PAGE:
Don Taylor has run afoul of the Maple Ridge bylaws department for his Santa’s North Pole Village attraction. (Facebook photo)

Don Taylor has run afoul of the Maple Ridge bylaws department for his Santa’s North Pole Village attraction. (Facebook photo)

Bylaw shuts down ‘Santa’s Village’ made by B.C. man for kids with autism

City cites wrong zoning and other problems, operator says proceeds went to autism school

Santa is complaining the Maple Ridge bylaws department has shut him down.

Don Taylor runs Santa’s North Pole Village at his home at 22395 124th Ave., where he lets families have photos with Santa sitting in his sleigh, check out his model North Pole village, and get a free stuffed toy.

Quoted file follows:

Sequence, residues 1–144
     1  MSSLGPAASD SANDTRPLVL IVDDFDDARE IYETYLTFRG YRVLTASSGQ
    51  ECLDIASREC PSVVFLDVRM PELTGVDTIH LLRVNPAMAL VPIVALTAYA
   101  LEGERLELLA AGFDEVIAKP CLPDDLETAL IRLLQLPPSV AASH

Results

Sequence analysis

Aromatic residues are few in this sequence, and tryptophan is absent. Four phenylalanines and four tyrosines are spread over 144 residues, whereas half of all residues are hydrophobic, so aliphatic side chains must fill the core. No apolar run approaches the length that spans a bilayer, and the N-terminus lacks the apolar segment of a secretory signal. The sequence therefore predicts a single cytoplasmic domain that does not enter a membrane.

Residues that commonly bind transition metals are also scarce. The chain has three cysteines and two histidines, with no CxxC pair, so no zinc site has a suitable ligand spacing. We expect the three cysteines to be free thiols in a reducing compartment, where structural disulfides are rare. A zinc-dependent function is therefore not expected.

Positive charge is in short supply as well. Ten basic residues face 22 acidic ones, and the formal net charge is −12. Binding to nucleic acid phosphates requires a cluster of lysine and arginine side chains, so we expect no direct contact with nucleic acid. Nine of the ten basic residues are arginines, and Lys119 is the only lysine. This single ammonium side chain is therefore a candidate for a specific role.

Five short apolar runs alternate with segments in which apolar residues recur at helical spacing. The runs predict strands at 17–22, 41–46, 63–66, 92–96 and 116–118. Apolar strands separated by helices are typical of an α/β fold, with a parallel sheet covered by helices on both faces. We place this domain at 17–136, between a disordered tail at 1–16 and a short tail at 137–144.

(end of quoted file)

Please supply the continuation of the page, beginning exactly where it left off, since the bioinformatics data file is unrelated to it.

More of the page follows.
Everything is done by donation, and proceeds to go the Chrysta Academy, which is a learning centre for children on the autism spectrum.

READ ALSO: North Pole Village in Maple Ridge to benefit children with autism

But this week Taylor has complained in social media that the city bylaws department has shut him down.

“They said I am running Santa’s Village as a business because I am accepting money,” he wrote on the Albion Neighbours Facebook page. “So I said I would not accept donations for my next opening, and then they said I could not just invite people to my house like that or let them on my property.”

The city bylaws department knows people are calling them Grinches online, but say this Santa has to take care of some red tape.